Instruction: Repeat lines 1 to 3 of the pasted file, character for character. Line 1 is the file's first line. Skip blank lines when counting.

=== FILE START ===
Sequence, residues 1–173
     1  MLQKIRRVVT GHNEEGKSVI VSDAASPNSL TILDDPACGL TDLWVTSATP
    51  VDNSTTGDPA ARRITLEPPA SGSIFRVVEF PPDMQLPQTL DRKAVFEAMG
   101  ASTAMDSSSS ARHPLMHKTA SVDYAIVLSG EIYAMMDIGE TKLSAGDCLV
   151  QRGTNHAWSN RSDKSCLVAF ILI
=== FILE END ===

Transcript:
Sequence, residues 1–173
     1  MLQKIRRVVT GHNEEGKSVI VSDAASPNSL TILDDPACGL TDLWVTSATP
    51  VDNSTTGDPA ARRITLEPPA SGSIFRVVEF PPDMQLPQTL DRKAVFEAMG